But in my early 20s, living in a house just off my university's campus, I began to host "Friend Thanksgiving." My roommates and I would scrounge up enough chairs, buy a turkey, make a couple frantic calls to moms back in Colorado, Wyoming, and Montana, and cook a smörgåsbord of all our favorite childhood dishes, served up with entirely too much wine. We'd sit at a kitchen table pushed up against a card table, covered with a bed sheet posing as a tablecloth, and we'd go around, each person saying what they were thankful for. It was ragtag in the best sense of the word, a community meal before we went back to our real homes to eat much fancier and probably more sober meals with our families, who already knew the secrets of Thanksgiving like you should defrost the turkey the night before.
This year, when a sweet British friend asked if we could host "a real American Thanksgiving," I wasn't opposed to the idea. It took a bit of convincing from Amos that we could pull it off; this is the holiday, after all, where the primary challenge seems to be how-much-can-you-fit-in-an-oven... of which we don't have. We do have a toaster, measuring 10 inches by 12 and I did happen to find cranberries, squash, and a WHOLE chicken, weighing in at a whopping 3 pounds. We considered it fate. Thanksgiving in Japanland was a go.
With that irrational confidence, four Brits, an Aussie, and a South African walked into an American's house for Thanksgiving. We had roast chicken instead of turkey, Japanese sweet potatoes instead of yams, and pumpkin pie made from kabocha squash. We made a Ginger Cranberry Lime soda for those whose throats were parched from a 2AM karaoke session the night before, and we had wine from Washington state and Adelaide, Australia, representing the fine geographical spread of our guests. We had nowhere near enough chairs and instead sat on the floor, Japanese style, and ate at our coffee tables, which, somehow, didn't seem weird at all.
There were a couple clear winners, a couple clear losers, and the poor toaster oven did its best but couldn't quite get everything done on time (sorry, still-slightly-hard sweet potatoes and American style biscuits that were finished just in time for dessert).
But the star, you guys? The cranberry chutney. Like Thanksgiving, it's something that I've grown to love. My mom's version is raw minced cranberries with orange peel and pecans, and, while I understand the tart appeal, I've found myself unable to embrace it fully. In my childhood, it certainly couldn't compete with the cloyingly sweet Sweet Potato casserole that appeared at our Midwestern get-togethers. My adult tastebuds, grown up a bit, discovered relish, and fell in love. The tangy cranberries, the simmered citrus, the kick of ginger... oh boy. This is the real deal, and just the way I like it: Cranberries simmered down until they are right on the edge of chutney, almost tipping into relish, where the berries are recognizably round, but soft and content to stick to the spoon.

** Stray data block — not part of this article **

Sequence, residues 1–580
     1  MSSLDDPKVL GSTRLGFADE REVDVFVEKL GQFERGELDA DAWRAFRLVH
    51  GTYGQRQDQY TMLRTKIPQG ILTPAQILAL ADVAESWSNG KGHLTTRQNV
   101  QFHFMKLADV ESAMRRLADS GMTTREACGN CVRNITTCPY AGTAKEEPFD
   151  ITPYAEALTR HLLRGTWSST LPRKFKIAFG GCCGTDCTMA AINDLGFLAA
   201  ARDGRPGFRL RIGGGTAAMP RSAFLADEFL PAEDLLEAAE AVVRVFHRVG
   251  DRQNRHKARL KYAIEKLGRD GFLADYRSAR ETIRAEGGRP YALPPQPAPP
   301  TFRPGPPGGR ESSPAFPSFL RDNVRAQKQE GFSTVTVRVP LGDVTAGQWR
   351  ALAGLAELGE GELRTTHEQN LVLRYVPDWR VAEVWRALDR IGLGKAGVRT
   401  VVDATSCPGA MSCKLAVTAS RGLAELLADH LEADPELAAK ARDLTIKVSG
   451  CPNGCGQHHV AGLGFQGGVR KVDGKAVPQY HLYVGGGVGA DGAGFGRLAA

Orangette's (Bastardized) Cranberry Chutney
I meant to have apricot preserves instead of orange, but while looking at the apricot jars, I accidentally picked up orange. I did the same thing with the dried cranberries. Rushing and seeing the クラ, I picked it up, not realizing it was the クラ of cranberries and not cherries. That's what I get for rushing and not reading. Damn! However, with those two substitutions, plus fresh ginger for crystalized, and apple cider vinegar for raspberry, it seems to come together perfectly. I can't say that I would change a thing.
24 ounces (300 grams) good orange preserves
3/4 cup (6 ounces) apple cider vinegar
Pinch of salt
1/4 tsp ground cloves
1/4 cup (2 ounces) Grand Mariner
2 bags cranberries
1/4 cup (2 ounces) peeled and finely diced fresh ginger
1 1/4 cup (10 ounces) dried cranberries
In a large saucepan, combine the orange preserves, apple cider vinegar, salt, cloves, and Grand Mariner. Place over medium heat and bring to a boil. Stir frequently with a wooden spoon, as it will "bubble ferociously," to quote Orangette, and she is telling no lies. Once it thickens, about 10-15 minutes, stir in cranberries (thawed if frozen). Reduce heat to medium, and stir until they are beginning to pop and soften. Basically, you want them to still be cranberry shaped, but warm and soft. Toss in the ginger a minute or two before the cranberries are done, so it has time to mellow in the mixture. When cranberries are soft, pull the pan off the heat and stir in the dried cranberries. Cool for a couple minutes, then pour in a serving dish, cover, and chill. It thickens up considerably.
This recipe makes a surprisingly generous amount, but it's delicious, freezes well, and would make a cute hostess gift in a little jar, so please don't worry.